Alcohol and your pregnancy
WHILE some doctors are of the view that there is nothing wrong with taking a few sips of alcohol during pregnancy, others believe it's best to go alcohol free once the decision is made to conceive, since consumption could pose a risk to an unborn child.
Obstetrician/gynaecologist Dr Leslie Meade suggests that expectant mothers cut out alcohol completely at least three months prior to conceiving, or at least upon hearing that they are pregnant to facilitate the birth of a healthy child.
"For me, there is no amount of alcohol that I consider safe in pregnancy. I know some authorities may say moderate alcohol consumption is okay, but you have to look at various factors when you are talking about alcohol consumption during pregnancy," he said.
"We know that people who drink also tend to smoke, and because of the alcohol consumption, sometimes their nutritional status is not adequate, so all of these factors combined put the foetus and the mother who is pregnant at great risk, and so I encourage people and usually encourage my patients not to drink during pregnancy," the OBGYN pointed out.
Alcohol intake during pregnancy has been shown to result in a number of developmental challenges and birth defects which become noticeable upon birth or during the first few years of a child's life. This is because alcohol usually passes through the placenta to the foetus.
"During the antenatal period, the babies tend to grow less, so you'll tend to have intra-uterine growth and retardation. Also there are problems in terms of the neurological development of the baby, and so when they are born, they tend to have behavioural problems or some level of mental retardation as well, and of course their intelligence tend to also decrease," explained Dr Meade.
"They also tend to have congenital abnormalities, particularly of the heart and of the skeletal system, and they tend to have some neurological development problems as well," he said.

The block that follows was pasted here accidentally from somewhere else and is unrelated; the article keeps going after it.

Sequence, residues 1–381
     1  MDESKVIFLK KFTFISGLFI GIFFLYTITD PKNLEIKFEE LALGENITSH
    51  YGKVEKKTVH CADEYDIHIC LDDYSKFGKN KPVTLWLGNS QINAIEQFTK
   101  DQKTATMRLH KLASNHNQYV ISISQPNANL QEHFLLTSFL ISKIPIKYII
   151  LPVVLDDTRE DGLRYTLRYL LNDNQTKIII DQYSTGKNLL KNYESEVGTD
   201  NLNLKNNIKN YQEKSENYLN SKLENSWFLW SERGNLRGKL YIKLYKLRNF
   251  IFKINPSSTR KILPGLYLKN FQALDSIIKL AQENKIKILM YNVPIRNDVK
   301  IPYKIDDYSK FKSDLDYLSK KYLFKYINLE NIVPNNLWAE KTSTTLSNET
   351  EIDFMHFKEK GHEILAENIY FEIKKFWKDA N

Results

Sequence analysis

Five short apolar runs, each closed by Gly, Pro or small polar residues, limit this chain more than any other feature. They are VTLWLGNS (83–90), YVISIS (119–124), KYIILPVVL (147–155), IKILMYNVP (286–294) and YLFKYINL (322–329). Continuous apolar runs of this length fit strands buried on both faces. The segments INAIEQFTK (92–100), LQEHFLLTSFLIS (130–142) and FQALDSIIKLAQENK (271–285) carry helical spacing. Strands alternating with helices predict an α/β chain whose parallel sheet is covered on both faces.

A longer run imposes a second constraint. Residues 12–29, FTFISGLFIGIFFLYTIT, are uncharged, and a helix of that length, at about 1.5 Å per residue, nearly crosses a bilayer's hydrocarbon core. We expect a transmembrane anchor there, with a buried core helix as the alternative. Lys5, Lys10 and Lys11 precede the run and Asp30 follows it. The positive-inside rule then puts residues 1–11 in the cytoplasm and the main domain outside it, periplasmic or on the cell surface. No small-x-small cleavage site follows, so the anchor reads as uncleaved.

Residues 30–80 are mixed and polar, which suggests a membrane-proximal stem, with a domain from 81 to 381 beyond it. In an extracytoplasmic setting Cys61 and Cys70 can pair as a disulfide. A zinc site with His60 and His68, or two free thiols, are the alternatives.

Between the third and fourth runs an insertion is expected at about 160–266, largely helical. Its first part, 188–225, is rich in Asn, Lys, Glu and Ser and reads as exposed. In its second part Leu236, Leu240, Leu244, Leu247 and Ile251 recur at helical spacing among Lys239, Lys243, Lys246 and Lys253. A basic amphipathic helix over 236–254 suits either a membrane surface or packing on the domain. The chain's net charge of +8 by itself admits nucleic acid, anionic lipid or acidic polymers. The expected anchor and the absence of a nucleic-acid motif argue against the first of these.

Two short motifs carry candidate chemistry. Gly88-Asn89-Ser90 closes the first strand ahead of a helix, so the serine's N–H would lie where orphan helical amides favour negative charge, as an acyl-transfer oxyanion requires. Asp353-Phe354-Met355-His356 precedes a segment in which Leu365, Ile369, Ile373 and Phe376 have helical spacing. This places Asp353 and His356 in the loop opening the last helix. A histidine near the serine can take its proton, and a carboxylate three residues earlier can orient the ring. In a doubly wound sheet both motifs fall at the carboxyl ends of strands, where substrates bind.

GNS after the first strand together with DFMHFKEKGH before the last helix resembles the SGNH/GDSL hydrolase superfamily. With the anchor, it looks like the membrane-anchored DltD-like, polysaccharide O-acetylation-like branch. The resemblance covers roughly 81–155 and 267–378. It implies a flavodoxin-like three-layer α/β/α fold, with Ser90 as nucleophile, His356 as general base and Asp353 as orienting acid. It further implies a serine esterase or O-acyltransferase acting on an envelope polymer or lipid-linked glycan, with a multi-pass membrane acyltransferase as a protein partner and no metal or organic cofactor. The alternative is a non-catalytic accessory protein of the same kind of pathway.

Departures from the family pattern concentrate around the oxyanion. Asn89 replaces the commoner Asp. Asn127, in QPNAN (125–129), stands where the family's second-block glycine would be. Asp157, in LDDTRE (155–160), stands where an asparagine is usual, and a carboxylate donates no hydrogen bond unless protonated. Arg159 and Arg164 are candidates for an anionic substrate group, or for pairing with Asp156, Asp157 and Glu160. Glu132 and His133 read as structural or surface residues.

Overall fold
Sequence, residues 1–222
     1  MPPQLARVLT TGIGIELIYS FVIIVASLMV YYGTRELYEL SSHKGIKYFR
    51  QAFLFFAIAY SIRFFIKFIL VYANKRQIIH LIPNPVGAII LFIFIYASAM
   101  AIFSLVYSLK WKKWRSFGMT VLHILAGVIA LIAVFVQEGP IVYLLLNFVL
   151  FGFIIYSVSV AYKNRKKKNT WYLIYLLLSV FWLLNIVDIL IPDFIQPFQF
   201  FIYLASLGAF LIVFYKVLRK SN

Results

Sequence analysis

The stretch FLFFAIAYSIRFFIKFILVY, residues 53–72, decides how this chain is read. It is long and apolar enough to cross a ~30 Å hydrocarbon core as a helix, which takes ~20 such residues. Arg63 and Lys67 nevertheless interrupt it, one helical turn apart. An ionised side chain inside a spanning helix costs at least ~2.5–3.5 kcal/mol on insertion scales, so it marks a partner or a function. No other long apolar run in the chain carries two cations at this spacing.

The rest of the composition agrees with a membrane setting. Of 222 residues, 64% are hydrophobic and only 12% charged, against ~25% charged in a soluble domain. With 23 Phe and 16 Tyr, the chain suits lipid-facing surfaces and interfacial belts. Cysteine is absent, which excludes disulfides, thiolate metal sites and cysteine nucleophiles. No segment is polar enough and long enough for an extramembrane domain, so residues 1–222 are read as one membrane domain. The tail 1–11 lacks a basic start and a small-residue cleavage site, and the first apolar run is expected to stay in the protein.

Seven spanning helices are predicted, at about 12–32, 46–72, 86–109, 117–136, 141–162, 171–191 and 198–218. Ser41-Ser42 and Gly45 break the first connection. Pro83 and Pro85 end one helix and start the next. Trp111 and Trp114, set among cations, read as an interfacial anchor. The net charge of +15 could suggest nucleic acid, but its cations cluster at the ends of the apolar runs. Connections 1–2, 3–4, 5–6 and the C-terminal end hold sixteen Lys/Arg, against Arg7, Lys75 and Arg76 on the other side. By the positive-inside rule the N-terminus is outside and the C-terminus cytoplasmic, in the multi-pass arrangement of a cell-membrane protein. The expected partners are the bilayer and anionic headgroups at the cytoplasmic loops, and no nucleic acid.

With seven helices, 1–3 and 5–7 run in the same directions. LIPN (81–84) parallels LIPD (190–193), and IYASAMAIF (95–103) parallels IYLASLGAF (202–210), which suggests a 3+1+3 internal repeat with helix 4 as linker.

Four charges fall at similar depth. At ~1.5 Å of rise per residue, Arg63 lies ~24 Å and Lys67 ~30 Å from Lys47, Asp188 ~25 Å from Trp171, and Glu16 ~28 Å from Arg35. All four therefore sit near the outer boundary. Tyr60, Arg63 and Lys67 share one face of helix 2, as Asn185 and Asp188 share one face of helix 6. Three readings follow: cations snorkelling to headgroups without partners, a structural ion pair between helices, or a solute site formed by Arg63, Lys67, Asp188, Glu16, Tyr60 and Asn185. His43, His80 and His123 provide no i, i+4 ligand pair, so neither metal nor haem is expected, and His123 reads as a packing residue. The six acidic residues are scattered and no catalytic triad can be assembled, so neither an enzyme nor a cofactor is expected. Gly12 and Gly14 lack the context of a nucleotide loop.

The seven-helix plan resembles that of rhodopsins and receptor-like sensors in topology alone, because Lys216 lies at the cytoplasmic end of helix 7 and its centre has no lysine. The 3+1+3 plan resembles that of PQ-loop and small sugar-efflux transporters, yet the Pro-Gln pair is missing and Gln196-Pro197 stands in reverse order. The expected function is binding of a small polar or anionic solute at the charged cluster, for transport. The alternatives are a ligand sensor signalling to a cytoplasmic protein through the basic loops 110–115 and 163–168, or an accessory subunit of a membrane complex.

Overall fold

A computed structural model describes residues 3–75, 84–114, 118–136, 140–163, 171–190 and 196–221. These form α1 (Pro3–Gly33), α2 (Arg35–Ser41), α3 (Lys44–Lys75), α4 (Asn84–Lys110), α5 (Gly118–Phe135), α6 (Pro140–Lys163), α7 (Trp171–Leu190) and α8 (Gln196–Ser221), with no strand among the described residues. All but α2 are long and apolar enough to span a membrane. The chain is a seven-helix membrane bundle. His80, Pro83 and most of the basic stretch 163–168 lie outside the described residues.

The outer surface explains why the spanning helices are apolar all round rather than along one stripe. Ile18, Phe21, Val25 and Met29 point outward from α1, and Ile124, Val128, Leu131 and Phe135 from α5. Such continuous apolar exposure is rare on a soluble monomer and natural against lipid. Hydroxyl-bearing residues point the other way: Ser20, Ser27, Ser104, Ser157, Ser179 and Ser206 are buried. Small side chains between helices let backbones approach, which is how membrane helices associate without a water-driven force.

One of the commonest problems associated with drinking during pregnancy is foetal alcohol syndrome, which is a combination of physical and mental birth defects. It is one of the only types of disabilities that is entirely preventable.
"When you see babies that have the foetal alcohol syndrome, they tend to have what we call low set ears, so the ears tend to be lower than where they would normally be in a baby, the face tends to be elongated, and they tend to have deformities, particularly of the lower limbs," Dr Meade said.
Although some women continue to drink because they are unaware that they are pregnant, there is not much that can be done to reverse the likely damage to the baby, since a baby's organs are usually developed during the first three months of pregnancy. However, you can curtail the extent of this damage by discontinuing your consumption of alcohol.
Instead of drinking alcoholic beverages, you can drink water or fruit juice. A healthy diet is also good for the baby and so kicking your drinking habit to the curb will go a far way in ensuring a healthy pregnancy.
"When you are pregnant, you should be taking in things that are more nutritious. Alcohol gives you energy because of its high caloric content and that's all you get from alcohol, so there is nothing nutritious about it," said Dr Meade.